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Hiking through the foothills of the Elkhorn Mountains south of Helena tells the story of seasonal change.

Green up is fast underway by late May for the valleys and creek bottoms, while the skyline is dominated by snow-caked peaks and ridgelines. Willard Creek is a fantastic early hike for the spring, providing a sturdy trail, diverse scenery and the chance to observe the ecological rejuvenation post-wildfire.

From the trailhead near Clancy, Willard Creek travels into the heart of the Elkhorns. Mountain meadows flush with aspen break up the regrowth of the 1988 fires that ripped through this country, and now pine and fir grows thick once again. Even after more than three decades a few relics of the fire still stand interspersed in the greenery, their bark gone and wood turned white.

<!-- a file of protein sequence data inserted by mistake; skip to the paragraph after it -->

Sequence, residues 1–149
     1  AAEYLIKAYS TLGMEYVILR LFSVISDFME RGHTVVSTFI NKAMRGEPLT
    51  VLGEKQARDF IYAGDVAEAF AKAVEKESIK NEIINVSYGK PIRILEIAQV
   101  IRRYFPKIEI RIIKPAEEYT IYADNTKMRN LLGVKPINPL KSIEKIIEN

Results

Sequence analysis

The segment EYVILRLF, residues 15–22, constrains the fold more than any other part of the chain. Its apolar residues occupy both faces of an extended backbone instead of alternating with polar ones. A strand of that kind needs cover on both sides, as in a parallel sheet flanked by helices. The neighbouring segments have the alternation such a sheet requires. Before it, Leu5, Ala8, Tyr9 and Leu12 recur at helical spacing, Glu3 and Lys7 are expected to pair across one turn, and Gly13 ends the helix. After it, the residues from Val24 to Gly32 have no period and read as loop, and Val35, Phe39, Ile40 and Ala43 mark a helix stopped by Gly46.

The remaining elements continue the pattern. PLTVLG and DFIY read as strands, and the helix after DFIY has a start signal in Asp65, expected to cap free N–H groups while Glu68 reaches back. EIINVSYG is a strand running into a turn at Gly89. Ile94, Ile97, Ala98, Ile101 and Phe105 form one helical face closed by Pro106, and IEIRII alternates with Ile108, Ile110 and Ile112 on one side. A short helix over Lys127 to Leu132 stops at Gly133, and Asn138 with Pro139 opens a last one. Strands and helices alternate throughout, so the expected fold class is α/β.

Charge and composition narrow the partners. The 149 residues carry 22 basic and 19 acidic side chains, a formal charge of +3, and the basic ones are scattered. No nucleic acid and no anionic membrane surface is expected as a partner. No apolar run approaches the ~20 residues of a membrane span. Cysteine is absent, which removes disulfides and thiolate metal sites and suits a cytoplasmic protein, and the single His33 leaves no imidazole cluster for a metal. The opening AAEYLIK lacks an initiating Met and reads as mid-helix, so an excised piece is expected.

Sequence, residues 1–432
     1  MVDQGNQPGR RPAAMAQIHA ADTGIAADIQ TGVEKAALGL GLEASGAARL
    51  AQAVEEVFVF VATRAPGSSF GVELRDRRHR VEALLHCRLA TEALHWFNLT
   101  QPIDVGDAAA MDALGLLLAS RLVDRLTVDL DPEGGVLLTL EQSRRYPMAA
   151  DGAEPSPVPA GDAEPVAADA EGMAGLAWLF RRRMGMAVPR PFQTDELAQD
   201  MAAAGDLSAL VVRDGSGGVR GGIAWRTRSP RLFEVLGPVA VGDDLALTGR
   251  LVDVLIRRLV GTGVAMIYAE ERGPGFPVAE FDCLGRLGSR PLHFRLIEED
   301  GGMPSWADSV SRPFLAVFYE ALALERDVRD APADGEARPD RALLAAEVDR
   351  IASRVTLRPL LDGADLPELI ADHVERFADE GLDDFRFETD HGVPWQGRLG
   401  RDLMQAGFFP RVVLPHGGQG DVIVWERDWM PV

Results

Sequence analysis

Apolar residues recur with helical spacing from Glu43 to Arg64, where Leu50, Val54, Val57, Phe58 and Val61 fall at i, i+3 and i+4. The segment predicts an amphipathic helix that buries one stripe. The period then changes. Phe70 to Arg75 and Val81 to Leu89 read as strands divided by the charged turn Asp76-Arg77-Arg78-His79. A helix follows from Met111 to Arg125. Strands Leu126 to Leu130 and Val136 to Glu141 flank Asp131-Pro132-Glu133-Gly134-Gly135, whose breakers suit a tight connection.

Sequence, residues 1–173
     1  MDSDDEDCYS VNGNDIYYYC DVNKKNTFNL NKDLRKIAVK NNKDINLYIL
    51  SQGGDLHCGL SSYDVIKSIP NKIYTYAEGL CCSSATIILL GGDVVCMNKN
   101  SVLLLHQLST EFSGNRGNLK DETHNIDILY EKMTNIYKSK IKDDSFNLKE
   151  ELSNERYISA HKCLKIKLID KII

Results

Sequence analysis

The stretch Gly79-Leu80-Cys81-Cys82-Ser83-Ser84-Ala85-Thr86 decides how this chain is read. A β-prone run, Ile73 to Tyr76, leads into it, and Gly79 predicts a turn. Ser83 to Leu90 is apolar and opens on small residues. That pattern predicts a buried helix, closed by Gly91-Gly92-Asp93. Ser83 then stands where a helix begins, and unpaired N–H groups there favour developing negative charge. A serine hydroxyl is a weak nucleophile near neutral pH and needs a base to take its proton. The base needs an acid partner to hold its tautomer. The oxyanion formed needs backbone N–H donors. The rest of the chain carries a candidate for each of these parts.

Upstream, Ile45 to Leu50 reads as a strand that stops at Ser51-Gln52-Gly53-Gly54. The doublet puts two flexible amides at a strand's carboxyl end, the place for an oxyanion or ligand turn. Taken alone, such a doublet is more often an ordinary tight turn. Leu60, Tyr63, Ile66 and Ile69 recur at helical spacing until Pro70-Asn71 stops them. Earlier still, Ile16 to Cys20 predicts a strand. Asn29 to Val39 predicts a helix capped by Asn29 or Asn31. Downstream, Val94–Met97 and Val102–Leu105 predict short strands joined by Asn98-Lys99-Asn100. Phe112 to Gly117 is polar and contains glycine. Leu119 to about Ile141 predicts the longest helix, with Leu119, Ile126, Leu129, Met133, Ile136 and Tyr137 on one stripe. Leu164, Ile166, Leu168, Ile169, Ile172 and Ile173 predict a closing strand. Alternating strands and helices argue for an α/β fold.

Willard Creek is a generally easy in-and-out hike of about three miles. It was once an interpretive trail coordinated by local high school students, and the steel markers still remain along the trail.

The first section stays high on the hillside, wrapping around a few openings and marshy areas choked with willows. Glimpses of Casey Peak are an added bonus before the first section drops into the valley at about the half-mile mark.

The trail continues in predictable fashion through old burns and stands of trees that survived the fire. All the while close and distant meadows should be monitored for the mountain range's legendary elk herd, or the occasional black bear, moose or deer.

The typical turnaround spot is the Willard Creek Trail's intersection with the McClellan Creek Trail at 1.3 miles, but a longer hike can be made by continuing on McClellan Creek toward Casey Peak.

Reporter Tom Kuglin can be reached at 447-4076 @IR_TomKuglin

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